News Local Bases and Cyprus Game Service together rescue falcon

Bases and Cyprus Game Service together rescue falcon

The Akrotiri Environmental and Education Centre joined forces with the Cyprus Republic’s Game and Fauna Service to successfully fit a GPS transmitter to Eleonora falcon which was found poisoned in Pachna village, Limassol, on Sunday.
After being discovered, the falcon was immediately taken to the Game and Fauna Service’s rehabilitation centre in Nicosia for treatment, a press release from the Bases said on Thursday.
When it was considered healthy enough to fly again, the falcon, which is a migrant breeder in Cyprus, was fitted with the transmitter to allow experts to monitor its progress and verify that it is moving freely and can feed and survive in nature.
Dr Thomas Hadjikyriakou, the manager at the Environmental Centre, said the GPS tracking was useful for many different reasons.
He explained: “Transmitters provide useful data on species ecology, including habitat preferences, feeding habits, as well as providing information on potential threats.
“This information allows for more targeted conservation measures to be taken by the authorities in both the SBA Administration and the RoC, as well as more widely across the species range.”
The Eleonora falcon breeding population is distributed along a narrow zone from the Canary Islands on the west, through the Mediterranean, to Cyprus in the east and during the past 10 years, extensive research at the Environmental Centre has revealed approximately 140 pairs breed on the south of the island, from Akrotiri in the east, to Petra tou Romiou on the west, both within protected, designated areas of the Sovereign Bases Areas and the RoC.
Bases conservationists have developed an excellent working relationship with their RoC counterparts and according to Mr Hadjikyriakou, it has played a major role in the success of the joint efforts.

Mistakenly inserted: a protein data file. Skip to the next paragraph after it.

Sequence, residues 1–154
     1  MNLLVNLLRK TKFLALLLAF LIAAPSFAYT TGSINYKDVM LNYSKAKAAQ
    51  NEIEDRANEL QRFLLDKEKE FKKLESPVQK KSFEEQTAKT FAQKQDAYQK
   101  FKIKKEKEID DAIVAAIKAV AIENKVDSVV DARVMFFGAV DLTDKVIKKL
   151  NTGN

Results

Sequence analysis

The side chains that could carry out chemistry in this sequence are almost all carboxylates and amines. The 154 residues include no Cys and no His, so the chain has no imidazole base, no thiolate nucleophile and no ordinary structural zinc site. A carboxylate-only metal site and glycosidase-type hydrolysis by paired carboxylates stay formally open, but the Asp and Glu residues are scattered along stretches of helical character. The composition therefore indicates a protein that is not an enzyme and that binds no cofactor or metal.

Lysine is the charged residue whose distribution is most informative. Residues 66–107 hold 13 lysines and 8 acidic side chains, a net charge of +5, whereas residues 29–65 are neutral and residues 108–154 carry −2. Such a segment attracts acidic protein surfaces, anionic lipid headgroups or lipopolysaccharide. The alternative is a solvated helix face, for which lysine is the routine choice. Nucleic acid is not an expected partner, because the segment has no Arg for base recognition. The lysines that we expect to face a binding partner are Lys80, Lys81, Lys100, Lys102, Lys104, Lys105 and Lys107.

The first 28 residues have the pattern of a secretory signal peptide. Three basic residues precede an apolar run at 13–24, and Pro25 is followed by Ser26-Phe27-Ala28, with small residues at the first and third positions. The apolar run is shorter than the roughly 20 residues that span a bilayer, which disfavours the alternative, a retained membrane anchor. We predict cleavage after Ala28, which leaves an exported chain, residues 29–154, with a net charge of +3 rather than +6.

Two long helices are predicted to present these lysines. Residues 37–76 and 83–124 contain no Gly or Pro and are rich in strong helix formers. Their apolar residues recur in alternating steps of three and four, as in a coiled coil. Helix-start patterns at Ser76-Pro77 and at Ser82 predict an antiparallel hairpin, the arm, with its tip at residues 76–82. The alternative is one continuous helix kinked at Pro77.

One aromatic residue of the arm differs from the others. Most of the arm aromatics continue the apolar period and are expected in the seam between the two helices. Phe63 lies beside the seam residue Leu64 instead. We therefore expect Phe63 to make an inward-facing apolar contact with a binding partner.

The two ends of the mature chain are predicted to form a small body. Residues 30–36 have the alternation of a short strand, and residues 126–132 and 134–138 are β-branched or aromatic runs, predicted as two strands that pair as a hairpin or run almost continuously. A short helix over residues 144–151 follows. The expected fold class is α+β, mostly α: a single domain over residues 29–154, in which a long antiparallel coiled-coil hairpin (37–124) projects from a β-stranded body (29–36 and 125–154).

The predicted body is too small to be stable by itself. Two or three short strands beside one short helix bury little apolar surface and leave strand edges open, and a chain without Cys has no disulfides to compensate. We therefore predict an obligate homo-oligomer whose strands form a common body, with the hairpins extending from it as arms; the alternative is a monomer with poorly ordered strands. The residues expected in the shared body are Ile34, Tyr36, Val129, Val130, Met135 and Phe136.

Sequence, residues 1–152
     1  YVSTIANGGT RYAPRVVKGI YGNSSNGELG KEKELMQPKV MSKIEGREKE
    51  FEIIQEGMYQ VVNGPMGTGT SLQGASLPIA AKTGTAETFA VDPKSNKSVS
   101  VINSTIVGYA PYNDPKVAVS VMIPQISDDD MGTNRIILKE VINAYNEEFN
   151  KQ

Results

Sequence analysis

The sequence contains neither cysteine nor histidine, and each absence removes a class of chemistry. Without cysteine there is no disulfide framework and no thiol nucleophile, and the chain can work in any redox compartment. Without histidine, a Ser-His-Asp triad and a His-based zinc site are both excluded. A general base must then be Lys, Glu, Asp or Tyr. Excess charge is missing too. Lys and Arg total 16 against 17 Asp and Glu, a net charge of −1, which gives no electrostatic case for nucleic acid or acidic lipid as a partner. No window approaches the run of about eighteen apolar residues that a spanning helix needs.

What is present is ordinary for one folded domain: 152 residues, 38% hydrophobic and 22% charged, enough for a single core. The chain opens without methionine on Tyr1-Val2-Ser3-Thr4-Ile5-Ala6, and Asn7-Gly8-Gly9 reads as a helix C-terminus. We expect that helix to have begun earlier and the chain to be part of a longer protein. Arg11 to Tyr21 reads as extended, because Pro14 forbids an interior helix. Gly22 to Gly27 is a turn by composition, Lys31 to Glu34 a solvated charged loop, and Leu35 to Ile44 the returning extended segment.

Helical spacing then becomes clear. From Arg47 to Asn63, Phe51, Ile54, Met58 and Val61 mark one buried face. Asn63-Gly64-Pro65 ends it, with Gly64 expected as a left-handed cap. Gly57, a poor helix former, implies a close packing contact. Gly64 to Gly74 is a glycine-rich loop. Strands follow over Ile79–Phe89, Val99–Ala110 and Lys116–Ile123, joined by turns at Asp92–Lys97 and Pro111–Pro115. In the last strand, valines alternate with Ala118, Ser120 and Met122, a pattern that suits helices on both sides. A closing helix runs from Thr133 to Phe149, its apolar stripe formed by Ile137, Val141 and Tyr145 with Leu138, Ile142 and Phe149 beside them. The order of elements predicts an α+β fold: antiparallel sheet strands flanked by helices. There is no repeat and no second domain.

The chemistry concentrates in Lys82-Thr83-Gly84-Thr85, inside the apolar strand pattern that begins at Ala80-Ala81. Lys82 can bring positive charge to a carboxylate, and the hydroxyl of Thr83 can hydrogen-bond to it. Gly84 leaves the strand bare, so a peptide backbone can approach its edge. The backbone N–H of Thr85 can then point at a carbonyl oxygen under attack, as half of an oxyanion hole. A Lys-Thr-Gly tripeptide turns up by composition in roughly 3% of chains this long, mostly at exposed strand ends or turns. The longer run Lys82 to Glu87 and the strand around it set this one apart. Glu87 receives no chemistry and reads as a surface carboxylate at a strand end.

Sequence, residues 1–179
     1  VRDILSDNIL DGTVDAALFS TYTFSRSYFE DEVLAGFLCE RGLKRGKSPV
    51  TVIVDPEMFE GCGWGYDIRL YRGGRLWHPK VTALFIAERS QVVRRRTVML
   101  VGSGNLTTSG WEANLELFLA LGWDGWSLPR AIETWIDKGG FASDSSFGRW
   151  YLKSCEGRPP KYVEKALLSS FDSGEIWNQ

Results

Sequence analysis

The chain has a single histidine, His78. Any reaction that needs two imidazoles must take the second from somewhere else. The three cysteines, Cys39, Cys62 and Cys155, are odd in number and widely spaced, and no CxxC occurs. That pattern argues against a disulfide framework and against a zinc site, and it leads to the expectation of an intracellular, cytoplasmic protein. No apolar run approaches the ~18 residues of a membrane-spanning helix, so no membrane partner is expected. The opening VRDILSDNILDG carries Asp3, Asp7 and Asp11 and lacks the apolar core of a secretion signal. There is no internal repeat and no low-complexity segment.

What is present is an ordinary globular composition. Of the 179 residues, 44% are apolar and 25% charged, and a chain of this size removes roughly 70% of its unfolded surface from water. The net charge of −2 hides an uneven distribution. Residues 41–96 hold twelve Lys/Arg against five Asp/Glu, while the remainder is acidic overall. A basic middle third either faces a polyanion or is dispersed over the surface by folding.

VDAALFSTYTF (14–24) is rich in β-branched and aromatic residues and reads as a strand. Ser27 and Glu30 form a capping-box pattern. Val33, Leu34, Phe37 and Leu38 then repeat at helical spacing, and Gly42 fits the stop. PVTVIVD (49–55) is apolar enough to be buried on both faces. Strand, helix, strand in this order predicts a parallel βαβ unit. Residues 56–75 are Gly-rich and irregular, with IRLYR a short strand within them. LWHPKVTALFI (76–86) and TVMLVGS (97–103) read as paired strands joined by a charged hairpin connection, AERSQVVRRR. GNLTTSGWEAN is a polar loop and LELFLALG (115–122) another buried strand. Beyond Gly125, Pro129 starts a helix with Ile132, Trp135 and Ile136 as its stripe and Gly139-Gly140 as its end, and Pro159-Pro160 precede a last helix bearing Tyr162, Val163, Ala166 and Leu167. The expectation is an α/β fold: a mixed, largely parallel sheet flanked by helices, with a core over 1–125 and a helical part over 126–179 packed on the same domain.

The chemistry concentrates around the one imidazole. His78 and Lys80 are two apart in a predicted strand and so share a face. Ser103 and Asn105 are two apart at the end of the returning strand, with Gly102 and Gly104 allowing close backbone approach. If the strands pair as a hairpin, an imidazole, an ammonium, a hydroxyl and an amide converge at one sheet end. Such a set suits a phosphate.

He explained: “We work very closely with the Game and Fauna Service of the RoC, joining efforts for bird conservation and protection. This includes anti-poaching operations, field conservation measures, species population monitoring, the rescuing of injured birds and monitoring bird species movements with the use of transmitters and rings.
“We have successfully fitted various species with transmitters, including a Flamingo, which is currently in Turkey and a Honey buzzard, which wonders around the hillsides over Limassol.
“We also work together to analyse long-term monitoring data on Griffon vultures through transmitters.”
The Akrotiri Environmental and Education Centre, working alongside the Republic of Cyprus Game and Fauna Service have successfully fitted a GPS transmitter to Eleonora falcon which was found poisoned in Limassol’s Pachna village on Sunday.
After being discovered, the falcon was immediately taken to the Game and Fauna Service’s rehabilitation centre in Nicosia for treatment.
After it was considered healthy enough to fly again, the falcon, which is a migrant breeder in Cyprus, was fitted with the transmitter to allow experts to monitor its progress and verify that it is moving freely and can feed and survive in nature.
Dr Thomas Hadjikyriakou, the manager at the Environmental Centre, said the GPS tracking was useful for many different reasons.
He explained: “Transmitters provide useful data on species ecology, including habitat preferences, feeding habits, as well as providing information on potential threats.
“This information allows for more targeted conservation measures to be taken by the authorities in both the SBA Administration and the RoC, as well as more widely across the species range.”
The Eleonora falcon breeding population is distributed along a narrow zone from the Canary Islands on the west, through the Mediterranean, to Cyprus in the east and during the past 10 years, extensive research at the Environmental Centre has revealed approximately 140 pairs breed on the south of the island, from Akrotiri in the east, to Petra tou Romiou on the west, both within protected, designated areas of the Sovereign Bases Areas and the RoC.
Bases conservationists have developed an excellent working relationship with their RoC counterparts and according to Mr Hadjikyriakou, it has played a major role in the success of the joint efforts.
He explained: “We work very closely with the Game and Fauna Service of the RoC, joining efforts for bird conservation and protection. This includes anti-poaching operations, field conservation measures, species population monitoring, the rescuing of injured birds and monitoring bird species movements with the use of transmitters and rings.
“We have successfully fitted various species with transmitters, including a Flamingo, which is currently in Turkey and a Honey buzzard, which wonders around the hillsides over Limassol.
“We also work together to analyse long-term monitoring data on Griffon vultures through transmitters.”

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